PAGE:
Nurses are the ‘glue’ of health industry

( Griselda Brown started as a social worker in a nursing home in Yuma. She really enjoyed the interaction with patients, but she found that when a patient had something simple like a headache or gash on the arm, she couldn’t help them.

So Brown became a nurse, which allowed her to bridge the gap and directly care for patients. She has been a nurse for nine years and currently is a palliative care staff nurse in the intensive care unit at Yuma Regional Medical Center.

“I love my job,” Brown said.

School nurse Shirley Rodriguez likes giving shots to kids. Not because of the pain she might inflict, but because she’s learned how to do it WITHOUT hurting them. She’s good at distracting kids and getting them to laugh at the right time.

Rodriguez is the health services coordinator for Yuma School District 1 and the school nurse at Alice Byrne Elementary School.

“I love kids. I love getting them the help they need,” Rodriguez said.

For Steve Champion, a former Army medic, hospice nursing is like being an “ER on the fly.” He enjoys the “ongoing rush” he gets from helping people in crisis. As a registered nurse with Hospice Compassus, he has to use all of the skills he’s worked for years to develop.

“This job requires you to use every skill you have and to give of yourself. That’s not a bad thing, it’s a good thing,” Champion said.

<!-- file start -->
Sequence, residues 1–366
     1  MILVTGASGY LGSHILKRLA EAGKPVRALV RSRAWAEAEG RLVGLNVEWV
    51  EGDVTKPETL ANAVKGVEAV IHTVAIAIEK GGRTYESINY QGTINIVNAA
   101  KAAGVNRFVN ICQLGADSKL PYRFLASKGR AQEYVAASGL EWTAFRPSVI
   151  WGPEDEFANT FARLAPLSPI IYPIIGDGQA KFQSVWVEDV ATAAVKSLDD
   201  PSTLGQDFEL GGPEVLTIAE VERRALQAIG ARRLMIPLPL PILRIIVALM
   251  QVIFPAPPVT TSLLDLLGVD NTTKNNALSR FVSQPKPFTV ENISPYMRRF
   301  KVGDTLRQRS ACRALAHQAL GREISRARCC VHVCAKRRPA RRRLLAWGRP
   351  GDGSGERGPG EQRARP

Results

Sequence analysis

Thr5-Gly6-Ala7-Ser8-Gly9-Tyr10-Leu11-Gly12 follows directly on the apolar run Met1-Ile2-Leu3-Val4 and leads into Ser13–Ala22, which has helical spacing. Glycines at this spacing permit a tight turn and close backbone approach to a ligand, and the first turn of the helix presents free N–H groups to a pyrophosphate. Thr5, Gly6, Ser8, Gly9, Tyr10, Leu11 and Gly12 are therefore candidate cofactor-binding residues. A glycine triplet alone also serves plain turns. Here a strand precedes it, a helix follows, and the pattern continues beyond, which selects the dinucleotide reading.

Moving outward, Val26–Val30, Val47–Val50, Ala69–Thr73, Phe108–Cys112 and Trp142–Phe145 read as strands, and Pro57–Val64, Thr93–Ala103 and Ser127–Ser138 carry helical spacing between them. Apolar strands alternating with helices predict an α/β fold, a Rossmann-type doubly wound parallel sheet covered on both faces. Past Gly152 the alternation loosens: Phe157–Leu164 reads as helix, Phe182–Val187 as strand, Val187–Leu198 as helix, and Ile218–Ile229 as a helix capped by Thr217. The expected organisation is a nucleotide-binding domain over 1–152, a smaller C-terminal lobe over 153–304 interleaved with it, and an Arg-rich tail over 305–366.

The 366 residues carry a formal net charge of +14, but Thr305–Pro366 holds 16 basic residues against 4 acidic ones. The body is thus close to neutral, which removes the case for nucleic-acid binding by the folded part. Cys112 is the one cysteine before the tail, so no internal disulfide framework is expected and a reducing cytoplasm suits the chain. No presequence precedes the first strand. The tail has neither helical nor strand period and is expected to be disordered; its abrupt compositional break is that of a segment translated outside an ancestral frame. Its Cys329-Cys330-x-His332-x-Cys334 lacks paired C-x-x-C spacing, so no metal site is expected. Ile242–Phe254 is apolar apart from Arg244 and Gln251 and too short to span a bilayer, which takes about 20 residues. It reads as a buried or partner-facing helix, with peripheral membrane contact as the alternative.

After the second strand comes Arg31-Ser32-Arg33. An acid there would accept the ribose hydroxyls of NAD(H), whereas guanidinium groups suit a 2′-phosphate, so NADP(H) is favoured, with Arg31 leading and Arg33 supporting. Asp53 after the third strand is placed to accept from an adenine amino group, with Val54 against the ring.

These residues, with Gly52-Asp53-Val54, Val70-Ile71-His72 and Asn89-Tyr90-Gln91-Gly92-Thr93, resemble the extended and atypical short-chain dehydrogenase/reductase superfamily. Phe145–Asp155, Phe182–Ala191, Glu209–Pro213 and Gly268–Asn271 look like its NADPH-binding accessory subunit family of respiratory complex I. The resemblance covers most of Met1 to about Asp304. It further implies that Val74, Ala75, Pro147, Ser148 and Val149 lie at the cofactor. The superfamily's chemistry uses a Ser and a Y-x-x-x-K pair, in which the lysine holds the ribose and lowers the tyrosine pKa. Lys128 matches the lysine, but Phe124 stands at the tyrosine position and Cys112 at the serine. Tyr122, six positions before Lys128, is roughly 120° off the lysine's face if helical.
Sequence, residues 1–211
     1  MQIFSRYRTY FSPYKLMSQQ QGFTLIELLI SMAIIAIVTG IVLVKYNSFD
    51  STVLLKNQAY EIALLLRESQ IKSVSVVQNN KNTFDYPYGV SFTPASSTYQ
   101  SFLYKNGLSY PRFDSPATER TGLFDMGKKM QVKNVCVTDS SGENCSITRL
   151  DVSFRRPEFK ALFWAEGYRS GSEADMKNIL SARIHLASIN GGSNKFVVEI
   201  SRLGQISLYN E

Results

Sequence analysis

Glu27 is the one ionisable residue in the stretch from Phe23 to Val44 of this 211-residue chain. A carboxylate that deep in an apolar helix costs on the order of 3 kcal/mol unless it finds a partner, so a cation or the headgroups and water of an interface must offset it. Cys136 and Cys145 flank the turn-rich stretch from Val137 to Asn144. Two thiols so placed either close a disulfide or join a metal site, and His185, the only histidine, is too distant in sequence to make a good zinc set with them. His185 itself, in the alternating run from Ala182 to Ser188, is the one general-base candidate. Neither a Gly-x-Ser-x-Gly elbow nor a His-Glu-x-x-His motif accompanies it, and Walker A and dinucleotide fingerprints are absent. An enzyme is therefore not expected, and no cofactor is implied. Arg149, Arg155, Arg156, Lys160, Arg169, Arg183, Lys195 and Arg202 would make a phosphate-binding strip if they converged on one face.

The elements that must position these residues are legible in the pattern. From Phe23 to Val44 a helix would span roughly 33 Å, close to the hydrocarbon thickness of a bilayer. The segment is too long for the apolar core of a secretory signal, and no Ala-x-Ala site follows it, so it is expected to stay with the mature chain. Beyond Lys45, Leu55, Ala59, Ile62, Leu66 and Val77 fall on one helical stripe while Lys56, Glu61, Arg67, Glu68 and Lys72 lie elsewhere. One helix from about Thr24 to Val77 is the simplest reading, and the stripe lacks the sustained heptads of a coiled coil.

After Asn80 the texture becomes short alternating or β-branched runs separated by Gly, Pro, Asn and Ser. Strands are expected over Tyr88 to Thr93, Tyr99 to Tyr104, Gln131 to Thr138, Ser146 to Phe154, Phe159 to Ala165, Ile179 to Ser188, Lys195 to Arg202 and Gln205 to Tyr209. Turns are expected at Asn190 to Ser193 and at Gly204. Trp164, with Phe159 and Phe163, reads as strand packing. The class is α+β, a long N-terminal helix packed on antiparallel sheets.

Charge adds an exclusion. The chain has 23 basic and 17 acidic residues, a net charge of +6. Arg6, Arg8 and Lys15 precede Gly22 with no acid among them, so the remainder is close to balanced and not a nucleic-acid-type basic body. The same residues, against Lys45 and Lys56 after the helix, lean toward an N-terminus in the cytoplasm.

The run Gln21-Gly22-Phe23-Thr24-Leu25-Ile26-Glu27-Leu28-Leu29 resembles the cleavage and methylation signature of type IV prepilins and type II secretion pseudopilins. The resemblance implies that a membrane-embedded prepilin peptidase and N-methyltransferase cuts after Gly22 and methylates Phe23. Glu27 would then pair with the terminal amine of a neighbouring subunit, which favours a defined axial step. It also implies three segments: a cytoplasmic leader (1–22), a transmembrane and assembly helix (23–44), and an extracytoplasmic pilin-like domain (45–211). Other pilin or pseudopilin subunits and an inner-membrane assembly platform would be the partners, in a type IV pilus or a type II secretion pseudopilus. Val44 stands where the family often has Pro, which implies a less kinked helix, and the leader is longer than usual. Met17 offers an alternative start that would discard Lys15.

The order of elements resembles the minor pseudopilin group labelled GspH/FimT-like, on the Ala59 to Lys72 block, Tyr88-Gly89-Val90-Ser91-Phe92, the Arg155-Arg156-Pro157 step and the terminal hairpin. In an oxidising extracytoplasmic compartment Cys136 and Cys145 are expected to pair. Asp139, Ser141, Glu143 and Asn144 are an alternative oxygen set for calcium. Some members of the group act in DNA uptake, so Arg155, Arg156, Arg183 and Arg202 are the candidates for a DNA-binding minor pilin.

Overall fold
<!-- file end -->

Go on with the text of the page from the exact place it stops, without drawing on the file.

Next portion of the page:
Fran Mack, a home health nurse, feels honored at being allowed into patients’ homes, “the most sacred place on Earth for patients, their sanctuary and haven.”

Her role as a nurse practitioner with Caring Touch Home Care allows her to treat patients in their home environment. She feels strongly about empowering patients and their families so they can make informed decisions.

“Nursing is not a profession, it’s a way of life,” Mack said.

The Yuma Sun interviewed nurses in a variety of fields — hospital, home health, hospice and school nursing — in honor of National Nurses Week, which will be celebrated from May 6, also National Nurses Day, through May 12, the birthday of Florence Nightingale, founder of modern nursing.

“Glue” of health care

Brenda Hall, who oversees the 760 nurses at YRMC as vice president of patient care services and chief nursing officer, calls nurses the “glue” of the health-care system.

“Nurses are there 24/7. They are your 24-hour caregivers when you’re in the hospital. They’re there to meet your needs and figure out how to take care of you.”

Hall has been a nurse for more than 30 years and has worked in seven states in just about every field, from heart surgery and operating room to delivery.

“I absolutely fell in love with nursing. For me, there’s no better career. I love taking care of patients. It’s almost like magic, seeing someone so sick and being a part of them getting better.”